2017 in Review: Portland Job Growth Moderates, No Worries

by Amy Vander Vliet

April 2, 2018

The Portland metropolitan area’s economic expansion marched on in 2017 to the tune of 2.4 percent; or 27,800 new jobs. Although this is the first year since 2013 that growth came in under 3 percent, there’s no cause for concern. We’ve moved beyond our peak growth years and settled into a more sustainable pace that’s in line with an economy at, or near, full employment. And a pace that’s typical in a mature expansion.

Surpassing Most Other Metro Areas

Portland isn’t alone. Growth also slowed nationally, statewide, and in all but six of the nation’s 50 largest metro areas. And in each of these six areas, growth trailed the nation and Portland.

Overall, Portland’s 2.4 percent growth was the 13th fastest among the nation’s major metro areas. Riverside (3.5%), Austin (3.2%), and Nashville (3.2%) grew the fastest. New Orleans ( 0.2%), Cleveland (0.2%), and Rochester (0.2%) grew the slowest.

Unemployment

Meanwhile, the unemployment rate approached historic lows, declining from 4.7 percent to 3.9 percent; just shy of the record low 3.8 percent in 1995. Underlying these numbers was a surge in the region’s labor force: roughly 35,000 people entered the workforce in 2017; the fourth largest annual increase since comparable records began back in 1990. Roughly 43,000 people found jobs, and the number of unemployed fell for the eighth consecutive year (by 8,400).

Industry Highlights

  • Construction finally returned to pre-recession levels in 2017. It also added the largest number of jobs among all broad industries (+5,100) and grew most rapidly (8.3%). Growth might have been even faster had it not been for a shortage of workers. Construction businesses in the tri-county area reported 3,000 vacancies in 2017; 13 percent of all reported vacancies and the second largest number among the region’s broad industries.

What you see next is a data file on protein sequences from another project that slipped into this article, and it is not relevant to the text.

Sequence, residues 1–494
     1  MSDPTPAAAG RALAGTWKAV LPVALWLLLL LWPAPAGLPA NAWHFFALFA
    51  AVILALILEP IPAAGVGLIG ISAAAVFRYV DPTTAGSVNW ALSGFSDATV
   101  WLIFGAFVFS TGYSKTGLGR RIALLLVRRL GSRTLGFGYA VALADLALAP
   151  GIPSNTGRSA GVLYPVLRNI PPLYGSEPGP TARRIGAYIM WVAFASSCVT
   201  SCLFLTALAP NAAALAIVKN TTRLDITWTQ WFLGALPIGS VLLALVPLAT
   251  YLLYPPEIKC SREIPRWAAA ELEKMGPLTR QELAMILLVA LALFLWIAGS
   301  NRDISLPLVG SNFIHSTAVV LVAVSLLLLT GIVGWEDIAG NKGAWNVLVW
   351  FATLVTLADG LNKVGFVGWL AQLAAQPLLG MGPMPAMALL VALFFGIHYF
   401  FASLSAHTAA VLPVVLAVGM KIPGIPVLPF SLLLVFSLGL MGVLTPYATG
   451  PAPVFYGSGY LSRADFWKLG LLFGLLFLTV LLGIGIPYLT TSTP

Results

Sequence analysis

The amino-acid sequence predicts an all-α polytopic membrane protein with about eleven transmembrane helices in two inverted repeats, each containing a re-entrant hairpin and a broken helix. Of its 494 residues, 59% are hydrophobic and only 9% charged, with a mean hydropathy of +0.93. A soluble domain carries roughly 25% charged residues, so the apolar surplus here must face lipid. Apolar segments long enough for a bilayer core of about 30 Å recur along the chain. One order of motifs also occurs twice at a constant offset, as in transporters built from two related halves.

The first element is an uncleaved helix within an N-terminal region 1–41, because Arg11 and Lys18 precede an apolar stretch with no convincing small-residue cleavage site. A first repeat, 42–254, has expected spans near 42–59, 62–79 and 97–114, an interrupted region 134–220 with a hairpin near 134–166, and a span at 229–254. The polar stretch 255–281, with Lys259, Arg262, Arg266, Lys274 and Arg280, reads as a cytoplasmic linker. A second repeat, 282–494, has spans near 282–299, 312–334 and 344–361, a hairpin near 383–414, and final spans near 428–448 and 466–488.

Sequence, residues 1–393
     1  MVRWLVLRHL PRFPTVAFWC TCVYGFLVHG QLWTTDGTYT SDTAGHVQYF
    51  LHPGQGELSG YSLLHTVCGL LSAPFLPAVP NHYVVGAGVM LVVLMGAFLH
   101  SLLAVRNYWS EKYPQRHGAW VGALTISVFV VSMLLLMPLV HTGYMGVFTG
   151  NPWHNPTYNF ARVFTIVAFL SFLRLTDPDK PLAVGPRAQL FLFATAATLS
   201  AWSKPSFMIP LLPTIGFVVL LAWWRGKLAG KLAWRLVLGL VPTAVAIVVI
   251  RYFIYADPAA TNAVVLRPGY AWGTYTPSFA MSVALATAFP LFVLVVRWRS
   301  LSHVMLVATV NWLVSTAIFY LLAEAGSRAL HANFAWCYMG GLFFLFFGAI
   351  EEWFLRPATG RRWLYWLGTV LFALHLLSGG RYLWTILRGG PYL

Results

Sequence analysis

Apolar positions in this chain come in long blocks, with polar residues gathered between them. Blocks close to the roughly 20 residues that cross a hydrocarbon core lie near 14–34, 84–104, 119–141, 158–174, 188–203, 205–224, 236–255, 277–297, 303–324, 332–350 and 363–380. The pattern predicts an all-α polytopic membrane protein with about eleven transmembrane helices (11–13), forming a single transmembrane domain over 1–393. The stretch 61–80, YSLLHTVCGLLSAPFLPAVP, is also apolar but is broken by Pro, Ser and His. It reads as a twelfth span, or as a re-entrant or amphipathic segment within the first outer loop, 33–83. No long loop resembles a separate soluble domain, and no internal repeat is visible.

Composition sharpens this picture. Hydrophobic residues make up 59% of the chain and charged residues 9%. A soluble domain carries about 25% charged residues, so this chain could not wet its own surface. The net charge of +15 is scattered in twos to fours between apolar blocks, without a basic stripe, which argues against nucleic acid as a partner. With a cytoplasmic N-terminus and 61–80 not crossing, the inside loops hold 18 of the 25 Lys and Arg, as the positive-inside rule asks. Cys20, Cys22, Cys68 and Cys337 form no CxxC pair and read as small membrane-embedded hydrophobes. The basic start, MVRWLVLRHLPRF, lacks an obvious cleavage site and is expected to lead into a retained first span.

• Health care and social assistance added the second largest number of jobs, at 4,700. About half were created in the ambulatory health services component (e.g. doctor offices, medical laboratories). Health care sees solid gains every year, even during recessions, as the metro area’s population grows and ages. This trend will likely continue in the foreseeable future.
  • Professional and business services added the fewest number of jobs since the recession. Temp help declined for the fourth consecutive year. The question here is why? Are temp workers transitioning to permanent positions without enough workers to replace them (labor shortage)? Or is this a sign of impending economic weakness as employers scale back on their temp help workforce due to uncertainty or slowing business conditions? Low unemployment and steady job growth in most other industries suggest the former.
  • Manufacturing was essentially flat (+300 jobs), making 2017 its most anemic year since the recession. Losses in high tech (-1,000), including announced layoffs at Intel, offset growth in machinery and nondurables. Despite a weak year, Portland’s manufacturing sector is just 3,500 jobs (2.8%) shy of pre-recession employment levels. In comparison, the average large metro’s manufacturing employment remains 10.9 percent below pre-recession levels, while the nation’s as a whole is 12.1 percent in the red.
  • The finance industry was hit hard by the recession and struggled in the first few years of the recovery as other industries were rebounding. It finally found solid footing in 2013 and hasn’t looked back. It gained 2,200 jobs (+3.2%) in 2017; 700 jobs away from a full recovery.

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